Roseena was transferred to Galway and due to Covid 19 protocols had to go there alone. There, she underwent further tests and began immediate chemotherapy. A biopsy also confirmed her cancer had an aggressive cell called FLT3. “They told me I would also need a stem cell transplant. Some people with leukaemia don’t need this transplant, as chemotherapy is enough, but this FLT3 can be really hard to get rid of.” Roseena remained in Galway throughout her chemotherapy treatment, which was ‘very tough,’ and she contracted a number of infections. The most serious of this was toxoplasmosis in her eye. Doctors told Roseena this infection could mean she wouldn’t be able to receive the stem cell transplant and this was an extremely dark and worrying time.
“I asked them if I was going to die and they said they would try something and what they could. It caused a lot of anxiety and tears. I was up and down to the ophthalmologist and was on antibiotics and steroids. No one knew what was going to happen, but they eventually told me the antibiotics were working and I could get the transplant.” Roseena was in the 25-bed Claddagh ward in Galway, which had individual rooms. Billy and her parents were able to visit,but these had to be cleared by the hospital and many precautions had to be taken. She said the nursing and care staff were ‘amazing’ during her stay, bringing her food when she couldn’t eat the hospital food and providing crucial support. She added how the local community was also ‘fantastic,’ sending cards messages of support, lighting candles and saying prayers and this all gave her strength. “People were so, so good, I honestly couldn’t even begin to explain how kind they were and still are.”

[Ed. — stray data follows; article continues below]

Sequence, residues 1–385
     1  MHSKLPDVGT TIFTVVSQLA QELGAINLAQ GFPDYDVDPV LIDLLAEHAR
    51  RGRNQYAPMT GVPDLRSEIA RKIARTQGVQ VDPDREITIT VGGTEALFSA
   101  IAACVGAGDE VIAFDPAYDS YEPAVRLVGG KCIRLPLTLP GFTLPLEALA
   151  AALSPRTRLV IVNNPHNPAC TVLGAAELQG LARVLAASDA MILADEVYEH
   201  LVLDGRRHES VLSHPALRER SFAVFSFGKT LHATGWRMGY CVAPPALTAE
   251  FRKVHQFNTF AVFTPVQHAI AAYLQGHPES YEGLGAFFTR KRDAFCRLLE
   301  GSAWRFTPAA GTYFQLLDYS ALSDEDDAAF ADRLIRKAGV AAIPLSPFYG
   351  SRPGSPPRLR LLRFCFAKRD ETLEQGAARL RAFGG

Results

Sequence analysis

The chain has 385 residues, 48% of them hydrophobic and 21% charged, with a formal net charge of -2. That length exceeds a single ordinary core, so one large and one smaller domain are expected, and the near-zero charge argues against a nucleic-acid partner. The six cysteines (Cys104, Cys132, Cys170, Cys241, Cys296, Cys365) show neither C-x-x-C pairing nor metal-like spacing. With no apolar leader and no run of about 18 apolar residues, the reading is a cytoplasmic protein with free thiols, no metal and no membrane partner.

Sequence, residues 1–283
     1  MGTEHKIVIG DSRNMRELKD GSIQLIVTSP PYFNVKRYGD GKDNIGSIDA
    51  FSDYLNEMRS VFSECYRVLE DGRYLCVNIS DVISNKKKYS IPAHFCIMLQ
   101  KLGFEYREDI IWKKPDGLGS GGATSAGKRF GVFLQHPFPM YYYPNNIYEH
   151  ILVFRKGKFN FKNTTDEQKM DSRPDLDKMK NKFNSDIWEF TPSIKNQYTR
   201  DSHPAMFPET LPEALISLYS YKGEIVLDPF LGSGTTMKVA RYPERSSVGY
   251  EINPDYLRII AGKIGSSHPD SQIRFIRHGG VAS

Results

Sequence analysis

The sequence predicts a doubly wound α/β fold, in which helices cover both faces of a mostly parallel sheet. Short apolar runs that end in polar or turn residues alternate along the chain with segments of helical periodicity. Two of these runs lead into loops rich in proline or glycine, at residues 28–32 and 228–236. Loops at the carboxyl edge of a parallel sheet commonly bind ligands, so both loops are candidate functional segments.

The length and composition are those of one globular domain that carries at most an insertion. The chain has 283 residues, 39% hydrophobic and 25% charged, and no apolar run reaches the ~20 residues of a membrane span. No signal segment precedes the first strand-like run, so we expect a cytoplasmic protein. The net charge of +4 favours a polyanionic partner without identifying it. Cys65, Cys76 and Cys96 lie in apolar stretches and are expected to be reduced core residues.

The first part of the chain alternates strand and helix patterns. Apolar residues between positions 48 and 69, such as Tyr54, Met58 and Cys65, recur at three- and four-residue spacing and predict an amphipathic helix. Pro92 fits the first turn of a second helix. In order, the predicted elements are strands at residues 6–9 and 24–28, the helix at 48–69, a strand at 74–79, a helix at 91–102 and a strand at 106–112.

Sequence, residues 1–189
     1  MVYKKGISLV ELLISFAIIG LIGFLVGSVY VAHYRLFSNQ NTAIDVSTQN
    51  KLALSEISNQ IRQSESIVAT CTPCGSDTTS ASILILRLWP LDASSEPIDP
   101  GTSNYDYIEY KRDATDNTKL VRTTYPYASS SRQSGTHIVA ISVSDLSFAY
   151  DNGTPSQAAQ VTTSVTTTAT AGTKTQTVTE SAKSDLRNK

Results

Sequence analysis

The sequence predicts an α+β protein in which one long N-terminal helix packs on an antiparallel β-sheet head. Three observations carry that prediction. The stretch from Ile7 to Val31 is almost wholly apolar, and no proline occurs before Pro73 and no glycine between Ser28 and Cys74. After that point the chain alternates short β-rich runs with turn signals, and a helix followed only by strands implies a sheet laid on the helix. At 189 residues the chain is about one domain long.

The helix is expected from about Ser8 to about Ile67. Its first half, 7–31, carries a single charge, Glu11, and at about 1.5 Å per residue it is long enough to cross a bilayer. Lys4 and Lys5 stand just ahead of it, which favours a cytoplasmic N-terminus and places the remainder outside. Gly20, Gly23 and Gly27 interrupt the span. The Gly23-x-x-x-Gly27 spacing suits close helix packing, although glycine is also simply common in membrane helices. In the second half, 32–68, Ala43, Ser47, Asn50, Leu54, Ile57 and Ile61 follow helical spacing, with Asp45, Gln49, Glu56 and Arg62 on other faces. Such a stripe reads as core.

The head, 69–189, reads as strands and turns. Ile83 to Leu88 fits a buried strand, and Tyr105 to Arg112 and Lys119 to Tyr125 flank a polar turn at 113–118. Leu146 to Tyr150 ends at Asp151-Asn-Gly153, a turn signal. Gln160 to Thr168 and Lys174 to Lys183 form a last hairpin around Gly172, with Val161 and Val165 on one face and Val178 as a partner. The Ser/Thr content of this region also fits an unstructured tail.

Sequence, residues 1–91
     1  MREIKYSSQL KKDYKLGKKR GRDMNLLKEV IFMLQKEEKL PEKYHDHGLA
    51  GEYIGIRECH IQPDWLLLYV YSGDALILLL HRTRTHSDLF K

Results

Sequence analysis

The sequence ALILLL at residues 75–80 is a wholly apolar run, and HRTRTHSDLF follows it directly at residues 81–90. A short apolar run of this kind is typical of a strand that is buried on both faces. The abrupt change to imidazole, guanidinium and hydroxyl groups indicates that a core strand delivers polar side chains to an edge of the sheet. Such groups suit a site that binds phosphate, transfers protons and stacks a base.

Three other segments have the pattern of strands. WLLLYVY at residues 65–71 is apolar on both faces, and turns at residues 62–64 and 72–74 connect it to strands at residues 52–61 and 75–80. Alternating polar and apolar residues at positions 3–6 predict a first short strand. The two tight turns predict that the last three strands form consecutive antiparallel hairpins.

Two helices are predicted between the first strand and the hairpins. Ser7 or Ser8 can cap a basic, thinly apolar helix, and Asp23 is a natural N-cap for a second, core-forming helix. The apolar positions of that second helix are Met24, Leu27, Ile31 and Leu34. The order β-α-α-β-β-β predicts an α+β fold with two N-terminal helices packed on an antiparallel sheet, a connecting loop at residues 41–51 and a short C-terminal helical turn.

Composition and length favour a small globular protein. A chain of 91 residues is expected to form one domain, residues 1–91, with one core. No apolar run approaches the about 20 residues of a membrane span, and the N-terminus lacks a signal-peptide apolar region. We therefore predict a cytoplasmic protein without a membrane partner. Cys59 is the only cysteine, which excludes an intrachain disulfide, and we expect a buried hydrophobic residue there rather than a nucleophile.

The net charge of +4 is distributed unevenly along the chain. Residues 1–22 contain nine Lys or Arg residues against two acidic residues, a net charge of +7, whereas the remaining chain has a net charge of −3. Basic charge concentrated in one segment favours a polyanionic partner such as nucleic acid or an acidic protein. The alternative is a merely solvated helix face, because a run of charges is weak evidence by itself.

During her time in Galway. Roseena needed to receive a lot of blood and platelets and said donations of these were crucial.